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North Carolina Construction Companies – Have You Covered Your Bases on Your Payments to Your “ITIN Contractors"?

Posted | by Lee C. Hodge Lee C. Hodge

If you are like many North Carolina construction company owners and managers, the phrase "ITIN contractor withholdings" is one with which you are unfamiliar.  However, the North Carolina Department of Revenue (the "NCDOR") is very familiar with it, and the NCDOR is currently engaging in a significant number of audits to ensure that construction companies are complying with their ITIN contractor withholding obligations.  Consequently, it is important for you to review how you treat payments to ITIN contractors to ensure that your company is not the subject of a large audit recovery by the NCDOR.

First Question – What is an "ITIN"?

An "ITIN" is an "Individual Taxpayer Identification Number" issued by the Internal Revenue Service to individuals who are required to file United States tax returns but who are not eligible to receive a Social Security Number.  For example, a legal immigrant who is in the United States pursuant to a valid "green card" and who operates a sole proprietorship in North Carolina would be required to pay federal and North Carolina taxes but would not be entitled to a Social Security number.  Therefore, this individual would be required to obtain an ITIN from the Internal Revenue Service. 

All ITINs use the same numbering format as a Social Security number, but they all begin with the number "9," which makes it easier for the construction company to identify that it may have an ITIN contractor withholding obligation.

Second Question – What is an "ITIN Contractor"?

An "ITIN contractor" is an individual, including a sole proprietor, who:

  • Performs services for your construction company;
  • Uses an ITIN for tax reporting purposes (instead of a Social Security number or an Employer Identification Number); and,
  • Is treated by your company as an independent contractor and not an employee. 

Any independent contractor who uses an ITIN number for tax reporting purposes and provides subcontracted labor to your construction company, would be considered an "ITIN contractor."

Third Question – What Type of Special Withholding Requirement Applies to ITIN Contractors?

All North Carolina businesses that pay more than $1,500 in any year to an ITIN contractor are required to withhold 4% of the payments and forward the withheld amounts to the NCDOR.  The policy rationale behind the withholding is to ensure that the state is collecting at least a portion of the income taxes due from the ITIN contractors, who are thought to often be transient workers who may not otherwise properly file tax returns and pay taxes to North Carolina. 

Fourth Question – What is the NCDOR Doing About ITIN Contractor Withholdings?

The NCDOR recently identified the ITIN contractor withholding issue as one of its top audit priorities because the NCDOR is concerned that businesses using ITIN contractors are not complying with the 4% withholding requirement.  Because the construction industry is one of several industries using a significant number of ITIN contractors, the NCDOR has been especially aggressive in targeting construction companies for the ITIN contractor withholding audits, which can result in significant assessments of past due taxes, interest, and penalties.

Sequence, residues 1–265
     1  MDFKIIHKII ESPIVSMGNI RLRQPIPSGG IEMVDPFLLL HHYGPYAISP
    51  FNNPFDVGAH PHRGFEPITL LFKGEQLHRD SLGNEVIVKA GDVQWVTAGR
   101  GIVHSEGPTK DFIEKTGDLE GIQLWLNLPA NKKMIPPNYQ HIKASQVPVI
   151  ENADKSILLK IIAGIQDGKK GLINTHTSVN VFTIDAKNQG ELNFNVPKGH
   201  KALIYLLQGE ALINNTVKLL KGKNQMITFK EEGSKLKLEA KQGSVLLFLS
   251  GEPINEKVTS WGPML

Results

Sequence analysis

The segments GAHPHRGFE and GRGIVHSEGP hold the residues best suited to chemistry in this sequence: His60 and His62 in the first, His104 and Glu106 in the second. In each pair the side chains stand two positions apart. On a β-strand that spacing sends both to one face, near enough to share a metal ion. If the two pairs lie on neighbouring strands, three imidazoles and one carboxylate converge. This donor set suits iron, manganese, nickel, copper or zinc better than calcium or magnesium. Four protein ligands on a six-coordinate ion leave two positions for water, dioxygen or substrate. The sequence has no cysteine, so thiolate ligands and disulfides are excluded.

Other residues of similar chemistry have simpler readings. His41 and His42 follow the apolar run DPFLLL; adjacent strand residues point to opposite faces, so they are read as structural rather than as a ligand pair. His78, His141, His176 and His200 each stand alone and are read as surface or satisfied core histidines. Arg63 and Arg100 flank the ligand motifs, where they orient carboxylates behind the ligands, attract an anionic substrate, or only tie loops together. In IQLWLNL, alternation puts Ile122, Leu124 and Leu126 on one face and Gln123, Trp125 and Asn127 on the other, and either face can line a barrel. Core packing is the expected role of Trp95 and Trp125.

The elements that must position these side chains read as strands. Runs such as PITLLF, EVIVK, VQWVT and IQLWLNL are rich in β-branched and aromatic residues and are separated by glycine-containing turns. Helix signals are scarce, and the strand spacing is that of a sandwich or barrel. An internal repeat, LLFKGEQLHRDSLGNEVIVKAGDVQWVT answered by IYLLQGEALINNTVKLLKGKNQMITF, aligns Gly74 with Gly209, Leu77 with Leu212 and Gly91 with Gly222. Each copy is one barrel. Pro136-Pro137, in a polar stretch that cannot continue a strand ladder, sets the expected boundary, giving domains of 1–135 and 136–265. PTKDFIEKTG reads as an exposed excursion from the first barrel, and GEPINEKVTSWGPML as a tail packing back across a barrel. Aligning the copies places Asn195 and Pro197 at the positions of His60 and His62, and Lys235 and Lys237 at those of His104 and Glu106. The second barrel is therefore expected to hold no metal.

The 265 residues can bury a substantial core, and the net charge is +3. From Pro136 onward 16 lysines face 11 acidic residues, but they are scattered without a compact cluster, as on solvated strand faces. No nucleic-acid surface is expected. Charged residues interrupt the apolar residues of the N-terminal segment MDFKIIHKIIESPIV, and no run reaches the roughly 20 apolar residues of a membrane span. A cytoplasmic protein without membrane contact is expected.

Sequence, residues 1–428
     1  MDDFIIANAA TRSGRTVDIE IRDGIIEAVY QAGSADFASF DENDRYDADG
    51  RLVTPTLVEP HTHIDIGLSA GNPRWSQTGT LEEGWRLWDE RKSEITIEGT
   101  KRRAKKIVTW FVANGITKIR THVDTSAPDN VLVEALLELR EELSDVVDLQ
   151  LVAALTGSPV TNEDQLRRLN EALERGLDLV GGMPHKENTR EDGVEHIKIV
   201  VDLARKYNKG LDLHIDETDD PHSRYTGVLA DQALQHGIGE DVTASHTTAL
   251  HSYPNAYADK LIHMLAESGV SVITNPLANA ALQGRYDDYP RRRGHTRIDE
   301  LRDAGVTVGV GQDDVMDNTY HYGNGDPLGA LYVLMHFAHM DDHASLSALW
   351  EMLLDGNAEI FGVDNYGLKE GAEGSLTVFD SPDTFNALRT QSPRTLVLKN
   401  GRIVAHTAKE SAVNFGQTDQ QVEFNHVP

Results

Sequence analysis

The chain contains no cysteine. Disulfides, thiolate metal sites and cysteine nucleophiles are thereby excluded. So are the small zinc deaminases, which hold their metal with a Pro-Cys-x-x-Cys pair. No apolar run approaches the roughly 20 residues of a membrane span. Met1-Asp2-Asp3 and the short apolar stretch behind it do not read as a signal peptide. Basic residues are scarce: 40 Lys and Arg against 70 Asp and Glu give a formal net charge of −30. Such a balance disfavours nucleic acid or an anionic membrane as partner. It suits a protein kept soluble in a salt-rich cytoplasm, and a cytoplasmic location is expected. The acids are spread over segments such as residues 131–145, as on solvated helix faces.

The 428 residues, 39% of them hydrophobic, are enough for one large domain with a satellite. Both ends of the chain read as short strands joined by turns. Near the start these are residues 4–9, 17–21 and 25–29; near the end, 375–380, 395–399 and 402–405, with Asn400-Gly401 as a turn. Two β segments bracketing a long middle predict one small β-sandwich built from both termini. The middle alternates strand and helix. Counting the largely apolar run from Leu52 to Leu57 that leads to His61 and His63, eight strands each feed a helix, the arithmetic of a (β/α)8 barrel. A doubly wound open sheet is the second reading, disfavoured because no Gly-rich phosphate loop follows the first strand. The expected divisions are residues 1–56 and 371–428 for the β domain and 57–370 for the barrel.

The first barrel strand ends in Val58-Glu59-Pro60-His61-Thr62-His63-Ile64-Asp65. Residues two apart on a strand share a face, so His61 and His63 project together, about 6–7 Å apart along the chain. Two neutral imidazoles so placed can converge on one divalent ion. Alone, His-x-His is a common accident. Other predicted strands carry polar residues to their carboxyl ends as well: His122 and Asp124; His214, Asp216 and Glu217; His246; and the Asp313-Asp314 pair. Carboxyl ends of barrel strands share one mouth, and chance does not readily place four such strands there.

Unfortunately, the NCDOR has not done a very good job of educating construction companies and their advisors about the ITIN contractor withholding requirement, so a lot of construction companies only learn about it as a result of an audit and then face expensive consequences. 

Final Question – What Should Your Construction Company Do if It Becomes the Subject of an ITIN Contractor Withholding Audit?

First, your construction company must take all proper actions to comply with the ITIN contractor withholding rules before your company becomes subject to any audit.  But if you didn't timely comply with the withholding requirement and the NCDOR institutes an audit of your construction company, you need to consult with your tax and legal advisors immediately in order to develop a strategy to minimize your exposure to additional taxes, interest, and penalties. 

There are a number of strategies you can employ as part of an audit defense, most of which relate to limiting the number of people covered by the scope of the audit and obtaining credit against your withholding obligation for tax payments actually made by your ITIN contractors.  Additionally, there are several nuances related to these audits and the ITIN contractor withholding requirement that, if properly applied, can limit your tax liability.

Ward and Smith, P.A.'s Construction and Tax Practice Groups have significant experience in helping large, medium, and small construction companies comply with the ITIN contractor withholding requirement and defending against ITIN contractor withholding audits. 

While we hope that you never have to deal with the headaches involved with an ITIN contractor withholding audit, we stand ready to help you and your accounting team with your ITIN contractor withholding compliance or, if necessary, navigate the nuances related to an audit.

This post is not intended to give, and should not be relied upon for, legal advice in any particular circumstance or fact situation. No action should be taken in reliance upon the information contained in this post without obtaining the advice of an attorney. If you have questions concerning this post, please contact Lee C. Hodge at



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